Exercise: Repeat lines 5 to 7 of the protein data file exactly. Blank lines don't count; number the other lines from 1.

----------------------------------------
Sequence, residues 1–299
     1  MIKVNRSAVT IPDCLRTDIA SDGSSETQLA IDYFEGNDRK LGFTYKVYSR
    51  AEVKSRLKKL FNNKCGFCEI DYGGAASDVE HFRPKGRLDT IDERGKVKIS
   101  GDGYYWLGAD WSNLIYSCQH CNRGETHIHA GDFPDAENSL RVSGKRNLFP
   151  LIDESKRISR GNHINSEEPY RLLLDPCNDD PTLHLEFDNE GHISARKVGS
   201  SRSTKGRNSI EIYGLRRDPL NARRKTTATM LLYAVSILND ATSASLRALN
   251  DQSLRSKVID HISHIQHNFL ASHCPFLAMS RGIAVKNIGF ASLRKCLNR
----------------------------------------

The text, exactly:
   151  LIDESKRISR GNHINSEEPY RLLLDPCNDD PTLHLEFDNE GHISARKVGS
   201  SRSTKGRNSI EIYGLRRDPL NARRKTTATM LLYAVSILND ATSASLRALN
   251  DQSLRSKVID HISHIQHNFL ASHCPFLAMS RGIAVKNIGF ASLRKCLNR